Editor:James Kazura, Center for Global Health and Diseases, United States of America

ReceivedJanuary 16, 2007;AcceptedMarch 27, 2007;PublishedMay 11, 2007

Copyright:Ó 2007 Radwanska et al. This is an open-access article distributed under the terms of the Creative Commons Attribution License, which permits unrestricted use, distribution, and reproduction in any medium, provided the original author and source are credited.

Abbreviations:APC, antigen-presenting cell; DC, dendritic cell; DTH, delayed type hypersensitivity; FACS, fluorescence-activated cell sorter; IFN, interferon; iNOS, inducible nitric oxide synthase; LN, lymph node; NO, nitric oxide; SLA, solubleL. majorantigen; Th, T helper; Treg, T regulatory cell; WT, IL-4Ra/lox

* To whom correspondence should be addressed. E-mail: fbrombac@uctgsh1.uct. ac.za

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major infection was controlled in BALB/c IL-4/mice, but parasite burdens remained greater than those of resistant animals [6,20]. These observations remain controversial, with some laboratory strains developing IL-4–independent sus-ceptibility and indicating that further factors are involved

[21]. IL-13 has been implicated as a susceptibility factor inL.

majorinfection [4]. Susceptible IL-13 transgenic C57BL/6 mice

develop impaired IL-12 and IFN-cproduction during acute

leishmaniasis, while IL-13/BALB/c mice remain

compara-tively resistant [4,22]. IL-13 can influence Th1 differentiation by modulating macrophage function and suppressing secre-tion of NO, IL-12, and/or IL-18 [22,23], partially attributed to IL-4/IL-13 activated alternative macrophages (aaMphs), re-cently demonstrated in mice deficient for this activation status [9,24].

IL-4 and IL-13 share a common signaling pathway through

the IL-4 receptora(IL-4Ra) chain. A functional IL-4R (type I)

requires assembly of IL-4Rawith acc chain, while interaction

of IL-4Ra with an IL-13Ra1 subunit leads to formation of a

functional IL-13 receptor (type II) [25]. IL-4Ra–deficient mice

therefore lack responsiveness to IL-4 and IL-13. Careful analysis of footpad swelling and lesion development showed that initial control ofL. majorinfection is equivalent in IL-4/ and IL-4Ra/

BALB/c mice. However, in contrast to IL-4/

mice, IL-4Ra/ mice develop progressive chronic disease.

These data clearly indicate a protective role for IL-13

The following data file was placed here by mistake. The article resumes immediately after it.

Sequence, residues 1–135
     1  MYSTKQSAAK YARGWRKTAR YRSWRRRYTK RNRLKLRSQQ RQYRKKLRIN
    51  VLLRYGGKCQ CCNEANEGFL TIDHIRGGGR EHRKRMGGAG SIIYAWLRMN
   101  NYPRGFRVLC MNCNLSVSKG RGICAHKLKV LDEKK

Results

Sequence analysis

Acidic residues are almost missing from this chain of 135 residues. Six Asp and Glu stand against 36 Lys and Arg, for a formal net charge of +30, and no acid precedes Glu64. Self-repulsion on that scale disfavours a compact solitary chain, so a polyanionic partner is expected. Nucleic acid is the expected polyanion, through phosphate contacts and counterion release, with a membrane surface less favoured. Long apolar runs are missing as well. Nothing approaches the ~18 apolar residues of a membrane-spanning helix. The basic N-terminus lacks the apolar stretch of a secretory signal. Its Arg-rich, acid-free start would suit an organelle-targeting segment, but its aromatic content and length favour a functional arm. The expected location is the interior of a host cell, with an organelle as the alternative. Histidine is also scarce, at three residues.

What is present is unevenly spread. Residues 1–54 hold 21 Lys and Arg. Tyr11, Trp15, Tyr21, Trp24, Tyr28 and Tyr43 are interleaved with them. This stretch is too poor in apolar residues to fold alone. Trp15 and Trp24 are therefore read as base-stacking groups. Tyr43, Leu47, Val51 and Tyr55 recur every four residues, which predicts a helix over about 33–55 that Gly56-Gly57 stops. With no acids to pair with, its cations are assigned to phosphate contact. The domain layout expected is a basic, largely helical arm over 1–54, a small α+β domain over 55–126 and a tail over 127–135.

signaling in protection against chronicL. majorinfection, at

least in the absence of IL-4 responsiveness [20].

Expression of IL-4Rareflects the pleiotropic nature of IL-4

biology, as this receptor subunit is expressed upon a wide range of cells [26]. Given the central role of T cells in

controllingL. majorinfection [15] and of IL-4 in driving Th2

responses [27], CD4þT cell–specific IL-4Ra knockout mice

were generated to elucidate the role of IL-4Ra–mediated

signaling in CD4þT cells independently of non-CD4þT cell

populations. Our results demonstrate a successful generation

of transgene-bearing hemizygous LckcreIL-4Ra/lox BALB/c

mice that have effective deletion of IL-4Ra on CD4þT cells,

an incomplete deletion on CD8þT cells and other T cell

subpopulations, and normal expression on non–T cells. LckcreIL-4Ra/lox

mice infected with L. major developed a

healing disease phenotype and clinical immunity similar to genetically resistant C57BL/6 mice. Consequently, our studies

demonstrate that impairment of IL-4Ra–dependent Th2

polarized CD4þ T cells in the presence of IL-4/IL-13–

responsive non-CD4þT cells is required to transform

non-healer BALB/c mice to a non-healer phenotype.

Results

Genotypic and Phenotypic Characterization of Lckcre IL-4Ra/loxBALB/c Mice

Recently established IL-4Ralox/lox BALB/c mice [24] were

intercrossed with BALB/c mice expressing Cre-recombinase under control of the T cell–specific promoter Lck [28] and IL-4Ra/

BALB/c mice [20] to generate LckcreIL-4Ra/lox

mice (Figure 1A). IL-4Rahemizygosity (/lox) increases probability of

Cre-mediated deletion of the ‘‘floxed’’ allele [24]. Lckcre

IL-4Ra/lox

mice were identified by PCR genotyping (Figure 1B).

Fluorescence-activated cell sorter (FACS) analysis of IL-4Ra

surface expression confirmed efficient deletion on CD3þCD4þ

T cells from LckcreIL-4Ra/lox

mice when compared with

IL-4Ra/and IL-4Ra/loxBALB/c (WT) controls (geometric mean

channel florescence [geo. mean]: WT¼18.11, IL-4Ra/¼

8.5, LckcreIL-4Ra/lox¼9.48), but incomplete and variable deletion

efficiency was observed on CD8þT cells (Figure 1C and Figure

S1) (geo. mean: WT¼18.69, IL-4Ra/¼

9.06, LckcreIL-4Ra/lox

¼ 13.96) and cdþ(geo. mean: WT ¼ 7.6, IL-4Ra/¼ 3.15,

LckcreIL-4Ra/lox¼

6.72) and NK–T cells (geo. mean: WT¼

9.03, IL-4Ra/¼5.25, LckcreIL-4Ra/lox¼7.28; Figure 1C). The

cellular specificity of IL-4Radeletion was confirmed because

B cells (CD19þ), macrophages, and dendritic cells (DCs; Figure

1C) of LckcreIL-4Ra/lox mice maintained expression of

IL-4Ra. Efficiency of deletion of IL-4Ra in CD4þT cells was

analyzed at the genomic level by quantitative real-time PCR. The number of exon 5 alleles (both present in all cells) relative